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Driver's Handbook on Cargo Securement - Chapter 2: General Cargo Securement Requirements

General Cargo Securement Requirements

Immobilizing, and Securing Cargo: Restraining the cargo correctly - Continued

Tiedowns attached to the cargo

Tiedowns attached to the cargo work by counteracting the forces acting on the cargo

The angle where the tiedown attaches to the vehicle should be shallow, not deep (ideally less than 45).

To counteract forward movement, attach the tiedown so it pulls the cargo toward the rear of the vehicle.

To counteract rearward movement, attach the tiedown so it pulls the cargo toward the front of the vehicle.

To counteract movement to one side, attach the tiedown so it pulls the cargo toward the opposite side of the vehicle.

To counteract upward movement, attach tiedowns to opposing sides of the cargo so they pull the cargo down.

Tiedowns that pass over the cargo

Tiedowns that pass over the cargo work by increasing the effective weight of the cargo (make the cargo seem heavier). This increases the pressure of the cargo on the deck and keeps the cargo from shifting.

Tension these tiedowns to as high an initial tension as possible

The steeper the tiedown angle, the less shifting (ideally more than 45).

What should you use in low-friction situations?

When there is low friction between the cargo and the deck (for example, with snow, ice, sand, gravel, and oil):

  • Use tiedowns attached to the cargo.
  • Use a means to improve the friction such as friction mats or tiedown that pass over the cargo.
  • Use blocking and tiedowns.

Containing, Immobilizing, and Securing Cargo: Using adequate securing devices.

What is a Working Load Limit (WLL)?

The Working Load Limit is the maximum load that may be applied to a component of a cargo securement system during normal service.

The WLL is usually assigned by the component manufacturer.

WLL for tiedowns.

The WLL for a tiedown is the lowest WLL of any of its parts or the WLL of the anchor points it is attached to, whichever is less. Every device contributes to the WLL of the securement system.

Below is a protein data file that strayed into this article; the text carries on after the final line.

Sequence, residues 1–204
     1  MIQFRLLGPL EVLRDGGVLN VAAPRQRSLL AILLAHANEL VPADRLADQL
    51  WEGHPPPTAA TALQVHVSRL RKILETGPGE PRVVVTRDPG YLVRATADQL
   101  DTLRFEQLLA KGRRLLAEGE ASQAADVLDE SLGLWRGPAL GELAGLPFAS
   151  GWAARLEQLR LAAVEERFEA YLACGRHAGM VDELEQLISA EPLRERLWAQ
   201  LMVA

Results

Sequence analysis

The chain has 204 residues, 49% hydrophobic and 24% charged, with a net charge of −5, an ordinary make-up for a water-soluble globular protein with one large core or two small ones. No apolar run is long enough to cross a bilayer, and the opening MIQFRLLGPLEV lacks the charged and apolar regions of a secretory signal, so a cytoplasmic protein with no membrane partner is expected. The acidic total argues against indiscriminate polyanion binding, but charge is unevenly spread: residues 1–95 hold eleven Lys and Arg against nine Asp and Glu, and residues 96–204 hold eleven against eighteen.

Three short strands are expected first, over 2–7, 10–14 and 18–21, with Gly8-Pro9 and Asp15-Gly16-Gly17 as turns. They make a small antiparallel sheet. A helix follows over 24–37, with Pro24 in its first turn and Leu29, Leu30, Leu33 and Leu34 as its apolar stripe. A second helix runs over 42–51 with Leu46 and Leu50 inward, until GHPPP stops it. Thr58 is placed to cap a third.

For a synthetic webbing tiedown, the WLL is the working load limit of the tiedown assembly or the anchor point it is attached to, whichever is less.

Note: The minimum WLL requirement for the securement system is 50%. More tiedown capacity should be used if you need to secure an article against any movement.

WLL for blocking systems

The WLL of all components used to block cargo from forward movement must be 50% (or more) of the weight of the article being blocked.

Working Load Limits: marked components

Some manufacturers mark their manufactured securing devices with a numeric WLL value. The WLL for these devices is equal to the numeric value assigned by the manufacturer.

Other manufacturers mark components using a code or symbol that is defined in a recognized standard. For example:

A piece of grade 7 chain may be marked with a 70 or 700, in accordance with the standard of the National Association of Chain Manufacturers. The standard then gives the WLL for that piece of chain, depending on its size.

Working Load limits: unmarked components

Any securing device that is not marked by the manufacturer is considered to have a WLL as specified in Appendix A: Default WLLs for Unmarked Tiedowns.

Carriers are recommended to purchase and use components that are rated and marked by their manufacturer. In that way, the carrier, driver, shipper and inspector can all verify that the proper equipment is being used for the job.

Note: Friction mats, which are not marked by the manufacturer, are assumed to provide a resistance to horizontal movement equal to 50% of the cargo weight that is resting on the mat.